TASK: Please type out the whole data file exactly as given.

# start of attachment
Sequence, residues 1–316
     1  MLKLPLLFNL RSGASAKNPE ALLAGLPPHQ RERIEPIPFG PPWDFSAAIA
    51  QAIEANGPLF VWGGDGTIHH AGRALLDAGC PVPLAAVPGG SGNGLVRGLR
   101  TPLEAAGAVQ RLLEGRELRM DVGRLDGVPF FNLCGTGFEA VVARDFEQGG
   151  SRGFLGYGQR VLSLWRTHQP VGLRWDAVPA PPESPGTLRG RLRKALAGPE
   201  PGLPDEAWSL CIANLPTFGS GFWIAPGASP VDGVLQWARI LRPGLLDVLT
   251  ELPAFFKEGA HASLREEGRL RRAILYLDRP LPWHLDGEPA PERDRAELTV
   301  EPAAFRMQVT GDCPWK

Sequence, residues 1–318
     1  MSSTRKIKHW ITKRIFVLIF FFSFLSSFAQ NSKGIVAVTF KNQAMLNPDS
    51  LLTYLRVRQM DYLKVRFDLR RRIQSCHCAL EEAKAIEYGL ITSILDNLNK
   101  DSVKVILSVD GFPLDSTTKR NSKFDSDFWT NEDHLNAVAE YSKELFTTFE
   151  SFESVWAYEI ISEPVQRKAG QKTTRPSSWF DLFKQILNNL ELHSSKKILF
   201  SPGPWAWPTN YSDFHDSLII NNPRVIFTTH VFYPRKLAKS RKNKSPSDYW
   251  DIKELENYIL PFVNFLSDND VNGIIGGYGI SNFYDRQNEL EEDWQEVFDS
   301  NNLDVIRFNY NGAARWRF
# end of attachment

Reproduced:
Sequence, residues 1–316
     1  MLKLPLLFNL RSGASAKNPE ALLAGLPPHQ RERIEPIPFG PPWDFSAAIA
    51  QAIEANGPLF VWGGDGTIHH AGRALLDAGC PVPLAAVPGG SGNGLVRGLR
   101  TPLEAAGAVQ RLLEGRELRM DVGRLDGVPF FNLCGTGFEA VVARDFEQGG
   151  SRGFLGYGQR VLSLWRTHQP VGLRWDAVPA PPESPGTLRG RLRKALAGPE
   201  PGLPDEAWSL CIANLPTFGS GFWIAPGASP VDGVLQWARI LRPGLLDVLT
   251  ELPAFFKEGA HASLREEGRL RRAILYLDRP LPWHLDGEPA PERDRAELTV
   301  EPAAFRMQVT GDCPWK

Sequence, residues 1–318
     1  MSSTRKIKHW ITKRIFVLIF FFSFLSSFAQ NSKGIVAVTF KNQAMLNPDS
    51  LLTYLRVRQM DYLKVRFDLR RRIQSCHCAL EEAKAIEYGL ITSILDNLNK
   101  DSVKVILSVD GFPLDSTTKR NSKFDSDFWT NEDHLNAVAE YSKELFTTFE
   151  SFESVWAYEI ISEPVQRKAG QKTTRPSSWF DLFKQILNNL ELHSSKKILF
   201  SPGPWAWPTN YSDFHDSLII NNPRVIFTTH VFYPRKLAKS RKNKSPSDYW
   251  DIKELENYIL PFVNFLSDND VNGIIGGYGI SNFYDRQNEL EEDWQEVFDS
   301  NNLDVIRFNY NGAARWRF